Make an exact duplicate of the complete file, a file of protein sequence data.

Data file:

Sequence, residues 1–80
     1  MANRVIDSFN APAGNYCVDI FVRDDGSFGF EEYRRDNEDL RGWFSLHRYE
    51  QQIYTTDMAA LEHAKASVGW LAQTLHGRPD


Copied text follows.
Sequence, residues 1–80
     1  MANRVIDSFN APAGNYCVDI FVRDDGSFGF EEYRRDNEDL RGWFSLHRYE
    51  QQIYTTDMAA LEHAKASVGW LAQTLHGRPD